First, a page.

Henry Patterson, the owner of Bel Canto, styled himself a new type of businessman—something of a left-liberal with a personal touch. He donated to all the right causes and used all the right buzzwords and phrases that were popular with middle class liberals. Bill S., whose father was a Boston Police detective, and who always picked up on cultural trends much quicker than me, dubbed Patterson a member of the “Hip-geoisie.”

Having so many radicals in one place brought up the discussion of forming a union early on. The union movement at the time was literally collapsing around us. We were talking about forming a union soon after Reagan’s destruction of PATCO. Hats off to us, I say. The kids had some moxie! Forming a union was made more practical because Local 26 of the Hotel and Restaurant Employees Union was in the midst of change.

Domenic Bozzoto, a former bartender, was HERE’s new leader in Boston and he struck a definite reform pose and was quite popular for a while. He made some important changes to the old mobbed up and racist local union, including hiring a few radicals for the staff. Bozzoto was also a very good public speaker. Danny Clifford, who was sympathetic to the militant tendency in the UK, was the Local 26 treasurer. Together they took on some of biggest employers, including Harvard.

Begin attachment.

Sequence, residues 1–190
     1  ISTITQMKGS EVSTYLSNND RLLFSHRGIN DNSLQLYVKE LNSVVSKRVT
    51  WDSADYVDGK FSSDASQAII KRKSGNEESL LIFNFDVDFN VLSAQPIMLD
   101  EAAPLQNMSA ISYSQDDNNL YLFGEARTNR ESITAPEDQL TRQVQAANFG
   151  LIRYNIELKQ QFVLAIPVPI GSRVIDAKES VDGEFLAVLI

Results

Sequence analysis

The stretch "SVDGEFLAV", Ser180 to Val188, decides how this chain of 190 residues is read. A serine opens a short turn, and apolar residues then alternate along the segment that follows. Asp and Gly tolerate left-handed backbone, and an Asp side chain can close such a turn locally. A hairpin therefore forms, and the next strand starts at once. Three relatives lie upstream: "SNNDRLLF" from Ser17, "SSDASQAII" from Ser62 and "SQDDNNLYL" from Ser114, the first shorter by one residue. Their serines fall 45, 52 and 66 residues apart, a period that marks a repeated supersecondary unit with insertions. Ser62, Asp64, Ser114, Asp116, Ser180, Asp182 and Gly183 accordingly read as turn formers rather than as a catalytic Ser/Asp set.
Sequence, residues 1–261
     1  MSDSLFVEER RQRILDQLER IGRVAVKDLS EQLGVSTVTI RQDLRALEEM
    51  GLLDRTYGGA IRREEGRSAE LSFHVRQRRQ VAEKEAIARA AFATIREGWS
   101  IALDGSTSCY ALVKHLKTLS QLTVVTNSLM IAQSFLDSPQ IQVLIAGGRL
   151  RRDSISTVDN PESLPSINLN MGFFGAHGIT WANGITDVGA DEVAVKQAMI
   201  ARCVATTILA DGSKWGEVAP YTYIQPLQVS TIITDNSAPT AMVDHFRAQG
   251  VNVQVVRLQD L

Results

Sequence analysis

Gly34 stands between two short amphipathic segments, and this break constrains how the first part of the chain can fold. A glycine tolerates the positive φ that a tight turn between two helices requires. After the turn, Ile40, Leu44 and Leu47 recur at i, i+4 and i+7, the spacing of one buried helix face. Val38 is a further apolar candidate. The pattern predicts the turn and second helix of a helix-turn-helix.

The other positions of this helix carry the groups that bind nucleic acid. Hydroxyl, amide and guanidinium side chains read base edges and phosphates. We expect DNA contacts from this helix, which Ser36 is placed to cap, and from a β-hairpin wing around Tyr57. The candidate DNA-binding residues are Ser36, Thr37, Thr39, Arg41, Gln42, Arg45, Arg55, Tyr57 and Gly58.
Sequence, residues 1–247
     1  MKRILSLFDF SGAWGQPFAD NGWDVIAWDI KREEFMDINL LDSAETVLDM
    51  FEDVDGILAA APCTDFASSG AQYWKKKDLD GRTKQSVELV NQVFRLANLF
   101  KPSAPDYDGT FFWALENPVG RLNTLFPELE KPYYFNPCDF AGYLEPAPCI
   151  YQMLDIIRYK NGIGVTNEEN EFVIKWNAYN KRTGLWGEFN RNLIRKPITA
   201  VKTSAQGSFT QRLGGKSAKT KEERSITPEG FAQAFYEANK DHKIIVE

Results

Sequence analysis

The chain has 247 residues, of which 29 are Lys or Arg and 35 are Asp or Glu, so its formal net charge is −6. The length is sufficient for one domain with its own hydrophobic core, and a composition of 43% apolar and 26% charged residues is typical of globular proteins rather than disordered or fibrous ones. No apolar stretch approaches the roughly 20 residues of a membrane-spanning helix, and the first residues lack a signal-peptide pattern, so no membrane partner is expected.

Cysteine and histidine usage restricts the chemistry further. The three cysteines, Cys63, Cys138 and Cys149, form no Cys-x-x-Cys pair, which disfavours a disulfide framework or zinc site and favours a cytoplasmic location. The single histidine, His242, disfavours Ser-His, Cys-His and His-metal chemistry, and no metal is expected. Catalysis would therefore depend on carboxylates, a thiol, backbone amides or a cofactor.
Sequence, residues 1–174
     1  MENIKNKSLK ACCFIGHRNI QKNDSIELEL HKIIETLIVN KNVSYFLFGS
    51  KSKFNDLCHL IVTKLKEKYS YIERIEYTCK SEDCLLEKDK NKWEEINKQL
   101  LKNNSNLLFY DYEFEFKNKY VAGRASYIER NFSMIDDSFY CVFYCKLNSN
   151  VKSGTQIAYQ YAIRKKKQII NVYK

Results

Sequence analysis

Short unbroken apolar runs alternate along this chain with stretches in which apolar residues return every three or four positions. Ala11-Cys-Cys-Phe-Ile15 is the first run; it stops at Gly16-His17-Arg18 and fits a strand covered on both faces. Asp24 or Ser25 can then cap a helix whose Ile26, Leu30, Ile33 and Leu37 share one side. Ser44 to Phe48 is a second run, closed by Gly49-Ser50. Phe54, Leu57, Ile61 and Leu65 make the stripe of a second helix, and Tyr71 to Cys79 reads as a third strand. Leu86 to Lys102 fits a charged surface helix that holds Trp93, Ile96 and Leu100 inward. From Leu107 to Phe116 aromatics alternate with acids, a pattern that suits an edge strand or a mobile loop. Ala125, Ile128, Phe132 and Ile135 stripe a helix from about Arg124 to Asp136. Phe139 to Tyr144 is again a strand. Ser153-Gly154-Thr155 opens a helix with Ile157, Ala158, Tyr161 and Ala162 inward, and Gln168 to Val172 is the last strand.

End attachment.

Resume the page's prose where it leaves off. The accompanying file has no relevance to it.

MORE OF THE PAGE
We decided after several meetings that we could only organize the central kitchen at the time. Some of us met with a Local 26 organizer, and then went to the NLRB to get the paperwork to file a petition for union representation. Being the clever bastards that we were, we waited until Henry went on vacation before we filed the petition and that gave us another week to organize. We were giddy with excitement and waited for the world to come crashing down upon Henry’s return.